The world’s greatest success stories have been borne out of collaboration. Some of the finest research has been made possible because of researchers working with each other, some of the biggest companies have reached new heights by encouraging knowledge sharing within the industry, and of course, some brilliant innovations come from academia-industry partnerships.
Every successful business is supported by a strong research backbone. Subject matter experts allow businesses to gain a knowledge advantage over their competitors, whereas data science experts help them take the right decisions. On the other hand, every researcher needs his/her work to be of value to the real world. Industry insights help academics make sure their work is useful, up-to-date and relevant. It is imperative then, judging by this close interlinking of the two, that businesses and academia be easily accessible to each other.
However, the truth is that there is very less interaction among academics, universities and industries as of today. Networking is still largely limited to conferences, events and in-person meetings. While various factors stunt collaboration, such as geographical and financial barriers, one of the biggest barriers is finding the right partner with the right speciality.
Kolabtree.com is a step towards making the rich pool (over 2000 and counting!) of highly skilled and qualified academic leaders accessible globally, on demand. It offers specialised talent that can be found nowhere else.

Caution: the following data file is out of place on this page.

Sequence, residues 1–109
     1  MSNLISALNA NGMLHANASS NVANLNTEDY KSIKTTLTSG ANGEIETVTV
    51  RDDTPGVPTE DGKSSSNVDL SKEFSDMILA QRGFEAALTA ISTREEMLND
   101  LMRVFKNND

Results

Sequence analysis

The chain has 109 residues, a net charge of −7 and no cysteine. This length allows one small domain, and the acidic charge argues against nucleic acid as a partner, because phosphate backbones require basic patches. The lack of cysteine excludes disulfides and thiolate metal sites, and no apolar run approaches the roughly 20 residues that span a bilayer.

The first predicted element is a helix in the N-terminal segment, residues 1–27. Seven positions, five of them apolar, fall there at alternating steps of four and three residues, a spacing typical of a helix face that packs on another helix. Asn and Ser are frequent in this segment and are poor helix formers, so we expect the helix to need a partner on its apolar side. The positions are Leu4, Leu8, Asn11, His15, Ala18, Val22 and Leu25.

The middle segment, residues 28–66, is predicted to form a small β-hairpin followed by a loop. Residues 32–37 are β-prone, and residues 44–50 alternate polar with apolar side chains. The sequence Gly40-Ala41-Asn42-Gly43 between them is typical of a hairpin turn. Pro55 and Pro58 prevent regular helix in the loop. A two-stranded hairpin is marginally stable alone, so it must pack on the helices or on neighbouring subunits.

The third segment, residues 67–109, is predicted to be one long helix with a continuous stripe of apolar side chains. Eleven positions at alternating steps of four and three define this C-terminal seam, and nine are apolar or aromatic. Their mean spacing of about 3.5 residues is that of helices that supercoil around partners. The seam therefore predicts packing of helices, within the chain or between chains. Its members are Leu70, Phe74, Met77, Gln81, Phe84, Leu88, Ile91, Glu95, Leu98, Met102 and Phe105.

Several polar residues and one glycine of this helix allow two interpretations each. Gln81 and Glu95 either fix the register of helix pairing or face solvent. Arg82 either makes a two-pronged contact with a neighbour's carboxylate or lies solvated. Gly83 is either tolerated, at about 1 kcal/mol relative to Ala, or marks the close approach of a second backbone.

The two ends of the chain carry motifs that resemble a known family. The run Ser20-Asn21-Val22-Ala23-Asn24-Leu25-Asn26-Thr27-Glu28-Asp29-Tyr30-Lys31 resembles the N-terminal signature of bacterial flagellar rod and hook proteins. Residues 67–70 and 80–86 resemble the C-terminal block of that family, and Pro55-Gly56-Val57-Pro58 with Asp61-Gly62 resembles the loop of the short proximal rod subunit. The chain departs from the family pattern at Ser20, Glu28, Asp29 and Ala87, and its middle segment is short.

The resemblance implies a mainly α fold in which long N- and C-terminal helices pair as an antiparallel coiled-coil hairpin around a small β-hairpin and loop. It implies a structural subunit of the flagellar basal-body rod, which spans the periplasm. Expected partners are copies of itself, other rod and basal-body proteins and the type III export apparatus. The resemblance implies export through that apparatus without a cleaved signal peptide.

Collaboration for researchers
The reasons researchers need to collaborate are many and varied. Collaboration need not be between two people actively performing research, it can also involve one person offering general advice and insights. Depending on level of the contribution, the researcher may also be referred to as a collaborator or co-author.
Researchers often need expertise or technical assistance that is beyond the scope of their skills, knowledge and lab services. Consider this example:
“A chemist developing a nanotube to deliver a drug that will regulate the expression of a gene to prevent the growth of cancer cells or to kill existing cells has many technical problems to solve. The main problem is creating the nanostructure that has the intelligence to respond to the changes in the cellular mileu. That researcher does not necessarily have the expertise to understand what impact the technology he or she is developing will have on the recipient. If the government says in a grant application that special attention will be given to a grant that looks at the social effects of medical nanotechnology, a multidisciplinary collaboration between the chemist and a social scientist might be born.”
It is not uncommon for researchers to get ‘stuck’ when their experiments fail to produce the required outcome. More often than not, researchers require support in a particular subject for only a fixed period of time. Hiring a remote freelancer for a specific task not only provides the opportunity for labs, universities and industries to get on-demand specialist talent but is also cost-effective. For example, a digital research lab in the USA performing an analysis of visual data can now have a Computer Vision researcher join them from anywhere in the world.
Kolabtree offers access to experts in various subjects ranging from life sciences to statistics to experimental design, who can provide insights, identify problems and offer solutions. The advantages are manifold – it not only helps avoid misleading interpretations and achieve accurate results, but it also saves time, effort, energy and cost.
Another cause for concern is the dramatic drop in scientific research funding. According to a Telegraph article published in 2010, the UK is a world leader in scientific research, but is spending only “0.55 per cent of GDP on research and development, compared to Germany’s 0.71 per cent, France’s 0.81 per cent and the USA’s 0.77 per cent”. Funding is also becoming increasingly competitive, limiting the scope of research. Allowing access to and encouraging collaboration among academia can prove beneficial in this situation.